The British medical journal The Lancet, which famously (and rather imprecisely) accused US-led coalition forces of killing anywhere from 70,000 to 500,000 Iraqi civilians since 2003, used somewhat better reasoning. A report in the journal estimated the toll of the Kosovo war to be about 12,000 dead. The analyst achieved this number by surveying 1,197 households from February 1998 through June 1999; on the basis that 67 of the 105 deaths reported in the sample population were attributed to war-related trauma, they applied the same war-related mortality rate to the rest of Kosovo's population and got the number 12,000.<11>

Counting the actual number of dead and missing from the Kosovo war is not an insurmountable task. For several years, the death toll of the Bosnian war was routinely estimated to be in excess of 250,000 people, but several years of careful research and documentation revealed that the actual death toll was more likely to be about 100,000.<12>

Estimated death tolls, whether for Kosovo, Bosnia, or Iraq, are notoriously imprecise and prone to political manipulation. The generally accepted Bosnian estimate turned out to be inflated by nearly 150 percent. In Kosovo there is a 37.5 percent discrepancy between the low estimate of 7,500 and the high estimate of 12,000, and the low estimate seems certain to be greatly inflated.

The fact that the Kosovo war does not have a precise death toll, more than eight years after the fact, cannot be attributed to anything other than a lack of political will.

The Kosovo war was shorter than the Bosnian war, and the number of victims was much lower, but we have not seen the sort of research and documentation project for Kosovo that there was in Bosnia. No one has made a serious effort to document the precise number of victims. KFOR (Kosovo Force), UNMIK (United Nations Missionin Kosovo), the ICTY (International Criminal Tribunal for the Former Yugoslavia), media outlets, foreign governments, and the Kosovo-Albanian authorities are all perfectly happy to rely on estimated death tolls, no matter how dubious the methodology behind them is.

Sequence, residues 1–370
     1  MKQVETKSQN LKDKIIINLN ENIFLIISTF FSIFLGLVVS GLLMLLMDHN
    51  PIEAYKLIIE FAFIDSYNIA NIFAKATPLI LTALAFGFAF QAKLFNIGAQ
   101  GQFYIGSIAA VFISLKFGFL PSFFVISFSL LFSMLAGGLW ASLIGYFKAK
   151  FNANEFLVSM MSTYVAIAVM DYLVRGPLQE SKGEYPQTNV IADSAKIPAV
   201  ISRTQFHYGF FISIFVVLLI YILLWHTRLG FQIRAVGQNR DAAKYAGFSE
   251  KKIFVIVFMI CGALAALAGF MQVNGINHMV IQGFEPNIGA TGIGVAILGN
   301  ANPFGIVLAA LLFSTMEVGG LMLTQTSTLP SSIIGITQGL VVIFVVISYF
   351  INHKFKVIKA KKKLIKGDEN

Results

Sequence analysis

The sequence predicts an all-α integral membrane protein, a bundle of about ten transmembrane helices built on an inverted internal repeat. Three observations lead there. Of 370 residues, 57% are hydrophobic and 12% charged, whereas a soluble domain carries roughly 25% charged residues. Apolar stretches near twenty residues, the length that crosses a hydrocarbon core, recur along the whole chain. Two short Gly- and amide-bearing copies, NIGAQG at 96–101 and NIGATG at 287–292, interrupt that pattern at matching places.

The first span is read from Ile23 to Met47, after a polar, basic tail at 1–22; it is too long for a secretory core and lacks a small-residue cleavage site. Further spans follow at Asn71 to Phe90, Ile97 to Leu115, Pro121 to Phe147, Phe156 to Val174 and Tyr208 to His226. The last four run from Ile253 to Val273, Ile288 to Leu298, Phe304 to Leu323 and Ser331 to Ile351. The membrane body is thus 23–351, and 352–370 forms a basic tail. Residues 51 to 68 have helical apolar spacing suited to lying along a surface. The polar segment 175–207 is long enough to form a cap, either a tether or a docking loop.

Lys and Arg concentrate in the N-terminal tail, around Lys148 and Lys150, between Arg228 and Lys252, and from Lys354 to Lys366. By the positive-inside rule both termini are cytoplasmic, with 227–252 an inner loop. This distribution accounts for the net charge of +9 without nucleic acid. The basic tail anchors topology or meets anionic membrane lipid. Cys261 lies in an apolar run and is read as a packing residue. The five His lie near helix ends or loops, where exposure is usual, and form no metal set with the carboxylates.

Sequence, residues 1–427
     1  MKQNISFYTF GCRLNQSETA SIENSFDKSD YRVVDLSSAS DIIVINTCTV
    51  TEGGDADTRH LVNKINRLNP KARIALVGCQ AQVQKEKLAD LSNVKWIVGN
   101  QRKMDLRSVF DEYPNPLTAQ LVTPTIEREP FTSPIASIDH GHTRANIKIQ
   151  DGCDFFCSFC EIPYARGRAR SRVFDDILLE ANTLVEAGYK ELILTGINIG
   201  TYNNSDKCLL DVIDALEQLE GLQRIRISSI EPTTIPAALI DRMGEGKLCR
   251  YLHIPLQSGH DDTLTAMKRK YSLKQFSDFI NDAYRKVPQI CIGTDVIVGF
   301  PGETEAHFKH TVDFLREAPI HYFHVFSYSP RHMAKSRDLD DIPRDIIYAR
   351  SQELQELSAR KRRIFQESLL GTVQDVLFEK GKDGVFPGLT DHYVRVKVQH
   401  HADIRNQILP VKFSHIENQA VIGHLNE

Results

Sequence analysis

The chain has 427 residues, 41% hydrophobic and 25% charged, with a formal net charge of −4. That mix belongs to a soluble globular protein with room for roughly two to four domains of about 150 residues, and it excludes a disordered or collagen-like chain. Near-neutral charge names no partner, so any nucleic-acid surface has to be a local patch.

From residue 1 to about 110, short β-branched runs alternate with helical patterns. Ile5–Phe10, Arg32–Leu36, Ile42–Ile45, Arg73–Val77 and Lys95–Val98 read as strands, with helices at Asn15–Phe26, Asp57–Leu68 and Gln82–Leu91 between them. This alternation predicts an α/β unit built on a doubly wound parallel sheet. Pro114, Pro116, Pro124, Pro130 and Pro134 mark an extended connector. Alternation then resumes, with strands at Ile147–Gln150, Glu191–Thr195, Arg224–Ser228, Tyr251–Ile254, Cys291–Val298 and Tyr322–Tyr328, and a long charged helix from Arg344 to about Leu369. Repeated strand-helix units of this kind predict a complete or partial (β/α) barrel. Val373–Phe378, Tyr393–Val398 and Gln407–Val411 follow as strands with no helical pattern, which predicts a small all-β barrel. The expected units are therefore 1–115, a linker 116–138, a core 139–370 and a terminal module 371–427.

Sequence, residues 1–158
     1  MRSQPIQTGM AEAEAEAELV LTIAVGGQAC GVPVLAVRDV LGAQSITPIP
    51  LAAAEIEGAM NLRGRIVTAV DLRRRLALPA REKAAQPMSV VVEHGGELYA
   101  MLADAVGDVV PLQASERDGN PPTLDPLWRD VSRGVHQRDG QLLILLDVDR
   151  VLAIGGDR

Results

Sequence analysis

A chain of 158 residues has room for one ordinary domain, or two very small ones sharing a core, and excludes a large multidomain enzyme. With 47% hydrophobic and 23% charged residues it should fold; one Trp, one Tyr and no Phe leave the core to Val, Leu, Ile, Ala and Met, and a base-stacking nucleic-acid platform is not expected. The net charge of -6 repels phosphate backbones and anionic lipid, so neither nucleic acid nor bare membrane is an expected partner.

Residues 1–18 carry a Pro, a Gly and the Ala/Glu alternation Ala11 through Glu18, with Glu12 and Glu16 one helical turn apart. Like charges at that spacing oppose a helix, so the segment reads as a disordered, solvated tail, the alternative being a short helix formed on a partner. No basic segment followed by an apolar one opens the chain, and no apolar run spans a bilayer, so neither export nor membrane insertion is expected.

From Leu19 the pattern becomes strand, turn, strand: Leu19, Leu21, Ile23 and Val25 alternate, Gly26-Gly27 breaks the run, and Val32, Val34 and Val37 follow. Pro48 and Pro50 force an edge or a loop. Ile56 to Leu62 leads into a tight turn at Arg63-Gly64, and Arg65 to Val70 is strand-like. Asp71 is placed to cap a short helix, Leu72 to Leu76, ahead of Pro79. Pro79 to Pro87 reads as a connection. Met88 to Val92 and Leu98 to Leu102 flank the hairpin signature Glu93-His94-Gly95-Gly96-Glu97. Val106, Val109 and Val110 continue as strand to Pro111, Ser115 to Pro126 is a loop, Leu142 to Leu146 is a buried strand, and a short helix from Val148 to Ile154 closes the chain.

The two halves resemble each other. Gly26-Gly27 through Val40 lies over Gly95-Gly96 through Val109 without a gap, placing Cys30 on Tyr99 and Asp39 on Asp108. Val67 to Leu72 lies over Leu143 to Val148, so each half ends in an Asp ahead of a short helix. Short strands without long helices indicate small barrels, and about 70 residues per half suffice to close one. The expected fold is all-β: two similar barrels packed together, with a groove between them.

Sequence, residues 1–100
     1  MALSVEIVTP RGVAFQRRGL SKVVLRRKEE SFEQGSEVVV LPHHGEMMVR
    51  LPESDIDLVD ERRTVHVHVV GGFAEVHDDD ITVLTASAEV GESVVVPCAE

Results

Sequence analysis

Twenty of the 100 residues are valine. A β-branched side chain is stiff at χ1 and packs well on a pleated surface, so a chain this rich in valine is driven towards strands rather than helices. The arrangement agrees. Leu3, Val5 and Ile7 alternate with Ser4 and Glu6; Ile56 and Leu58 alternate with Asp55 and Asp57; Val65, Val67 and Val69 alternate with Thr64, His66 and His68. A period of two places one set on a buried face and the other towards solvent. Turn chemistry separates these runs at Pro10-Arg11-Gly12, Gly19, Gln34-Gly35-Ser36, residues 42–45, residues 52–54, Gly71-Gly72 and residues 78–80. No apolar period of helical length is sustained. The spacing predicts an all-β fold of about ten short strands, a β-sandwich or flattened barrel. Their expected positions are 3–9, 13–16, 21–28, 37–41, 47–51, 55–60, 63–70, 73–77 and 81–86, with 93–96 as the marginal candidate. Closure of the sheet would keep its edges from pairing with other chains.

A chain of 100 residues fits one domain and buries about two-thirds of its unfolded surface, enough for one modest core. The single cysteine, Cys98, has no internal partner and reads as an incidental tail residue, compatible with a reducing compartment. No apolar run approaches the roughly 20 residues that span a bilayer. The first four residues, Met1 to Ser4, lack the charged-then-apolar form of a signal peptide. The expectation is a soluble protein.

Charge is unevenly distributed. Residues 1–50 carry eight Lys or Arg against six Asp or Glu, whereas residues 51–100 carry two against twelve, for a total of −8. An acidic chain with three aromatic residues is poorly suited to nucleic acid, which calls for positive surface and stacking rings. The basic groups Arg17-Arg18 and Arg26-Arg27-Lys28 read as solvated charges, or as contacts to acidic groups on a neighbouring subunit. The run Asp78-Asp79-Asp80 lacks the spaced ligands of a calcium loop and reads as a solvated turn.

The lack of political will to do a precise victim-by-victim count may be attributable to a fear that Kosovo’s estimated death toll could turnout to be grossly inflated like the original estimates for Bosnia were. Such a revelation would be unwelcome in many circles because it would undermine the case for Kosovo’s independence from Serbia.


1. The New York Times; November 30, 1999: 3 Serbs Attacked, One Fatally, By a Mob of Ethnic Albanians.

2. The New York Times; March 22, 2007: Envoy Calls for Independence for Kosovo Ahead of a UN Debate.

3. The Washington Post; June 18, 1999, Friday, Final Edition: Kosovo's Albanians Returning In Droves; Serb-Led Offensive Took 10,000 Lives, Britain Estimates.

4. Ethnic Cleansing in Kosovo: An Accounting; US State Department Report, December 1999.

5. The Guardian (UK); Friday, August 18, 2000: Serb killings 'exaggerated' by west; Claims of up to 100,000 ethnic Albanians massacred in Kosovo revised to under 3,000 as exhumations near end.

6. Beta News Agency; Fate of missing still unaccounted for. June 30, 2007, 09:40 (CET)

7. Milutinovic Trial Transcript; Tuesday, February 20, 2007; Pg. 10318

8. Ibid.

9. Killings and Refugee Flow in Kosovo, March. June 1999; A Report to the International Criminal Tribunal for the Former Yugoslavia; January 3, 2002; Patrick Ball, Wendy Betts, Fritz Scheuren, Jana Dudukovich, and Jana Asher; Pg. 6.

10. Milutinovic Trial Transcript; Tuesday, February 20, 2007; Pg. 10319 – 10320

11. The Lancet; Vol. 355, June 24, 2000.

12. Tabeau/Bijak expert report to the ICTY; 2004.

Copyright 2007 Defense & Foreign Affairs/International Strategic Studies Association
Reprinted with Permission.